Here you don't need to program anything, there is a web interface and a large community in case of problems.

Power strip

Since the power strip is a so-called China product and sends a lot of data to their server (including Wlan passwords), it is not put into operation as described in the user manual, but another software is installed before.

You can find more information in this Heise Ct Article read.

To do this, you use the Tuya-Convert.


  • Linux PC or Raspberry Pi with WLAN
  • Connect this PC to the Internet via LAN (important)
  • a smartphone

There are already a lot of tutorials about this, so I'll keep it short and only describe the version with the Raspberry Pi.

  1. Raspbian to install on an SD card
  2. You create a file in the boot partition (without file extension!) with the name SSH
  3. Make sure that the Rpi is connected via LAN and boot with the SD card
  4. Im Router die IP-Adresse herausfinden und per Putty verbinden
  5. Folgendes ausführen:
    # git clone
    # cd tuya-convert
    # ./
  6. Hier muss man dann den Anweisungen folgen und schon hat das Gerät eine saubere Software

Wenn etwas nicht funktioniert hilft der Heise Ct Article.

Nach dem Flashen habe ich im Router eingestellt, dass dieses Gerät eine feste IP zugewiesen bekommt.
Danach kann man über die Weboberfläche (IP im Browser in die URL Zeile eingeben) das Gerät Updaten.
Hier muss dann auch die Software richtig eingestellt werden, mit diesem Template:


Installiert wird es über Configuration -> Configure Other -> im Template Feld.

Dann kann man das ganze Testen, bei mir war wie auf der Template Seite beschrieben, die USB Ports “invertiert” hierzu braucht man dann dieses Template:


Die anderen Einstellungen nehme ich später vor.

NodeMCU ESP8266

Dieses Board zu flashen ist wesentlich einfacher, da man hier Zugriff auf einen USB Port hat.

  1. Tasmotizer herunterladen (im Releases Tab)
  2. Board per Micro USB an den PC Anschließen
  3. Tasmotizer starten, bei Select port den Port auswählen und Tasmotize drücken
  4. Auf Send Config gehen, die Wlan Daten eingeben und Ok drücken (andere Einstellungen wieder später)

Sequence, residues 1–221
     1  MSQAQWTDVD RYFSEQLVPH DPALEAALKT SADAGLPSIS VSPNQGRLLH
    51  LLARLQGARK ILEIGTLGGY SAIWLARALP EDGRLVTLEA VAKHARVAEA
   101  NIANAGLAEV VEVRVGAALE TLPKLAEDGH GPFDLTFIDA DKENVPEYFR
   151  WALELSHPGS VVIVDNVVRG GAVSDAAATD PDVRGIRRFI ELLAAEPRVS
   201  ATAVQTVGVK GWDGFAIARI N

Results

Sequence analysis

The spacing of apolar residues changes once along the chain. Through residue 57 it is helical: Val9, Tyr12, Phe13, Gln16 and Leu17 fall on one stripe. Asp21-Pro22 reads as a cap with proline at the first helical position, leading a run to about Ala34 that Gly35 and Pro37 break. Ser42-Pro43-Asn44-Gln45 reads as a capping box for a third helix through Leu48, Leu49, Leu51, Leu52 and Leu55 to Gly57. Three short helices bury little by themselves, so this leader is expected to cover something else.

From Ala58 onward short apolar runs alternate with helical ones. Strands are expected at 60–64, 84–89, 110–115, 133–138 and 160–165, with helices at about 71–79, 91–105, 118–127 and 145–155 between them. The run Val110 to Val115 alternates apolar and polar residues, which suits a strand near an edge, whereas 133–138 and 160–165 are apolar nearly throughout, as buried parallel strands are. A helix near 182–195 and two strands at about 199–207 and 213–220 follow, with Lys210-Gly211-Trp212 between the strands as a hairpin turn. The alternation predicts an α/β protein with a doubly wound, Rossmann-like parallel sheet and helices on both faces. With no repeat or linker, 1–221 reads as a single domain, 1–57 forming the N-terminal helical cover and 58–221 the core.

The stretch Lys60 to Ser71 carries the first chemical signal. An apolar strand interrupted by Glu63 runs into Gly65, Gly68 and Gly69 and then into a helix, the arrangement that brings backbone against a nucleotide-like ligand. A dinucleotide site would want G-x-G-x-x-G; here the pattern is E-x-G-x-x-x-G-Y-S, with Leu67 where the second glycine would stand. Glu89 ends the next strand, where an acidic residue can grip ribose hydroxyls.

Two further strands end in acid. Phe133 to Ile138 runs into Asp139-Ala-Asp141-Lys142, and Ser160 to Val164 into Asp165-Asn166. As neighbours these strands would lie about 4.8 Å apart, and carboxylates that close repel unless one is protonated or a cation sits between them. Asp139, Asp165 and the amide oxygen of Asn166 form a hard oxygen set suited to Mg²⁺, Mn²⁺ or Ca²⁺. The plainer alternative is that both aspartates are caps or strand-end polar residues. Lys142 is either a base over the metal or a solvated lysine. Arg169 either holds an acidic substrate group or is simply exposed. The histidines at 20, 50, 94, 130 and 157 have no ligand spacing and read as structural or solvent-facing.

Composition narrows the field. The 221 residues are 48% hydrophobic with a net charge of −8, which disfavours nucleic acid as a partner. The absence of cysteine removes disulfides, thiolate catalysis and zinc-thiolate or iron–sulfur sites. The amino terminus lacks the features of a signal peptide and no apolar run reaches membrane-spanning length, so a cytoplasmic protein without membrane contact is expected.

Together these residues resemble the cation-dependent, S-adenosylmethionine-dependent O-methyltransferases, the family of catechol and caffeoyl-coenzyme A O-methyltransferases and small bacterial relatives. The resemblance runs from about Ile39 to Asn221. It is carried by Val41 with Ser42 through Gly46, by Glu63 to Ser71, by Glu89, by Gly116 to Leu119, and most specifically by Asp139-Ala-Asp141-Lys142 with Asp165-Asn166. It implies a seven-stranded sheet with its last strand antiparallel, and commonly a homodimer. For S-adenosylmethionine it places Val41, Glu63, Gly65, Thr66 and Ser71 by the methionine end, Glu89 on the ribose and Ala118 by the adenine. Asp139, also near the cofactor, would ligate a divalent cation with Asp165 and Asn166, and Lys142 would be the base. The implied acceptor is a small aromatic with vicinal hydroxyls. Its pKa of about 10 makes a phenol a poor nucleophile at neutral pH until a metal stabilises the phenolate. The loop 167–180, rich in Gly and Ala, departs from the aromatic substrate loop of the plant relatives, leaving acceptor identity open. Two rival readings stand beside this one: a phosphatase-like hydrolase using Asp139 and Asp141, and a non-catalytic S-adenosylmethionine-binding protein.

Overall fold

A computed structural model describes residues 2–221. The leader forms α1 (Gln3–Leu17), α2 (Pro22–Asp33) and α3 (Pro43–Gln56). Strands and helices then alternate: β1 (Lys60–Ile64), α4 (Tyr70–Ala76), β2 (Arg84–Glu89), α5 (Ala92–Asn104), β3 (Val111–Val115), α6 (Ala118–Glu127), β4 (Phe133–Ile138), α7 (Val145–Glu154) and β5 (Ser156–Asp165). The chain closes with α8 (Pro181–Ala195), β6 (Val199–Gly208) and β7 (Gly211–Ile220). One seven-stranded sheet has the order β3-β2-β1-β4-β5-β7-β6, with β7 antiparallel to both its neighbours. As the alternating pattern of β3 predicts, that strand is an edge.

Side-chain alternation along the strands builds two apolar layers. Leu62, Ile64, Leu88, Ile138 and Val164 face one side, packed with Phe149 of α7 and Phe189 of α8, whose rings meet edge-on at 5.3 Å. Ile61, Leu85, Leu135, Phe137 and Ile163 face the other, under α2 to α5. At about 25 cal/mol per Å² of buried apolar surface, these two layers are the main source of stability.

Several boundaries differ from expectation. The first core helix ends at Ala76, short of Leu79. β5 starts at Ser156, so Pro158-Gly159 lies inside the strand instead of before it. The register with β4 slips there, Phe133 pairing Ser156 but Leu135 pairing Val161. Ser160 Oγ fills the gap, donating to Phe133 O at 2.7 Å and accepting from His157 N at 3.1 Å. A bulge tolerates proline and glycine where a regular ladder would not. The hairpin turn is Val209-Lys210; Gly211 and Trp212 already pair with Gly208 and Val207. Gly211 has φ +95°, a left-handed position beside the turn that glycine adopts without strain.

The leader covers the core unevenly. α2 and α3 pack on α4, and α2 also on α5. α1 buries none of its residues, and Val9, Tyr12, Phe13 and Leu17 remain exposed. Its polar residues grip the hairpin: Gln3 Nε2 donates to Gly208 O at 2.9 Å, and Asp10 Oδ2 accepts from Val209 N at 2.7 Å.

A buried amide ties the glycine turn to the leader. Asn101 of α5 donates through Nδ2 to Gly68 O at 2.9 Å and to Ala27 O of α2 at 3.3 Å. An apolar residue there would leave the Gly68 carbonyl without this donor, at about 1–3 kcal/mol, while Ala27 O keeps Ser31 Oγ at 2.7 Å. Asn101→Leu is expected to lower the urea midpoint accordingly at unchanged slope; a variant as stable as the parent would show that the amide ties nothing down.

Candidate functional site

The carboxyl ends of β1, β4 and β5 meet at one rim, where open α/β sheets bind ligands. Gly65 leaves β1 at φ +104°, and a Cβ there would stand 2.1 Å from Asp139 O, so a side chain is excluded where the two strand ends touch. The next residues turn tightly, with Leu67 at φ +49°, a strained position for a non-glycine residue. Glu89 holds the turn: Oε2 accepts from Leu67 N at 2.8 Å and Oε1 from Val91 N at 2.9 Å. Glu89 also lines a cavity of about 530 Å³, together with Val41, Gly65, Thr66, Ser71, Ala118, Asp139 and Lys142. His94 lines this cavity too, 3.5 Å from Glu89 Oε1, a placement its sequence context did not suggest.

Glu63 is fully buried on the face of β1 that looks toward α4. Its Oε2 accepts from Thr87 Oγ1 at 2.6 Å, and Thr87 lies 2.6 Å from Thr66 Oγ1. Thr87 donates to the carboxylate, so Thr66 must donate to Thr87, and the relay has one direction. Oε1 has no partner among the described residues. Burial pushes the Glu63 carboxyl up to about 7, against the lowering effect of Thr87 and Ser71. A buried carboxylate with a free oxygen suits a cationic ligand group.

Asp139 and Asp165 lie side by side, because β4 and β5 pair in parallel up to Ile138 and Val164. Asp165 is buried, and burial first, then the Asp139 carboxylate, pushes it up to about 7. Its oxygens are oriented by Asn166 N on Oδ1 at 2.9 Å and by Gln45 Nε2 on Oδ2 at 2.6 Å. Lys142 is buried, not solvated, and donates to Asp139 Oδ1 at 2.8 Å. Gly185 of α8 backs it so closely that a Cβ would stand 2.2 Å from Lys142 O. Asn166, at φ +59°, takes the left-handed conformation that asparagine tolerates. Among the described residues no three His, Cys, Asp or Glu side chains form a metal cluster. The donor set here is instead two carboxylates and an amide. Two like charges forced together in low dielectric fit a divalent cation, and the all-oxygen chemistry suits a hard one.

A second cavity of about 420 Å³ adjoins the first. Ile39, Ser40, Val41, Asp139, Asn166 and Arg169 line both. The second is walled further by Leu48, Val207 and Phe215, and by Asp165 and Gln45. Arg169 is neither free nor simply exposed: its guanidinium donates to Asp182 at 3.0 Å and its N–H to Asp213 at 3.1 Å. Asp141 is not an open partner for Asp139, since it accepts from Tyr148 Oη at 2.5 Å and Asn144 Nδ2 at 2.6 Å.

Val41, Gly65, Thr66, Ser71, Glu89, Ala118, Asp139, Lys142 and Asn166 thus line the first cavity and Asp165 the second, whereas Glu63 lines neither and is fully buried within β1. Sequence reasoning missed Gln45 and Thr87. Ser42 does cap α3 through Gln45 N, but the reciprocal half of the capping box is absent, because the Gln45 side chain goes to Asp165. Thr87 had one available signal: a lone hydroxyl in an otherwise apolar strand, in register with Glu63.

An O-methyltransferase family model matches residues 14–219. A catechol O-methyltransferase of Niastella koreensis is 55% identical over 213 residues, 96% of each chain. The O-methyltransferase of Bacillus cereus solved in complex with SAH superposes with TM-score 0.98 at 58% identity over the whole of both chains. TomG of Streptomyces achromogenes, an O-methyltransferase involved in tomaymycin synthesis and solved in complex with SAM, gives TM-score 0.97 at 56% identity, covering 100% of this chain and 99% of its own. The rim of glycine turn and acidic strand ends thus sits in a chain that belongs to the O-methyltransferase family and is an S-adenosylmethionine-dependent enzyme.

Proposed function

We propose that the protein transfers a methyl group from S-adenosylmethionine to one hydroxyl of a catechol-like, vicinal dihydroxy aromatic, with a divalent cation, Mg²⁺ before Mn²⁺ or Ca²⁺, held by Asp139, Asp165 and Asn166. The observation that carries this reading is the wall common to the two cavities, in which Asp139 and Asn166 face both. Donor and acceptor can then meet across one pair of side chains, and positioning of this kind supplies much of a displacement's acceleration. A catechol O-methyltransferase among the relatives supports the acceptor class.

Jetzt ist man hier schon fertig, muss nach dem Schaltplan oben noch das Board mit dem Breadboard verbinden, Strom verbinden und kurz warten bis es gebootet ist. Dann kann man wieder die IP auf statisch stellen und die Weboberfläche öffnen.

Wenn die Software die Sensoren nicht automatisch erkannt hat, kann man das in Configuration -> Configure Module Einstellen. 

Hier wählt man (die Zahl in den Klammern kann anders sein): 

  • Module Type – Generic (18)
  • D3 GPIO0 Button1 – DS18x20 (4)
  • D2 GPIO4 – I2C SDA (6)
  • D1 GPIO5 – I2C SCL (5)

alle anderen Felder sollten auf None (0) stehen.

Durch Save wird das Board neu gestartet und jetzt sollten die Sensoren alle erkannt werden. Wenn dies nicht funktioniert muss man die Schaltung nochmal überprüfen.


Es gibt verschiedene Möglichkeiten das Licht zeit gesteuert zu schalten, zusätzlich kann man auch wie hier gezeigt, das Licht mit Sonnenaufgang/Sonnenuntergang steuern, wodurch das Tier auch einen Leichten Sommer-Winterrhythmus hat.

Ich Zeige eine Variante ohne weiter Software zu nutzen und wie man es mithilfe von Node-Red macht, welches zB mit Home Assistant als Docker Container läuft.


Diese Einstellung findet man in der Weboberfläche der Steckdose unter Configuration - Timer.
Um Sunrise und Sunset richtig zu nutzen, muss man die eigene Position Einstellen, mehr Information in der Dokumentation unter Timer.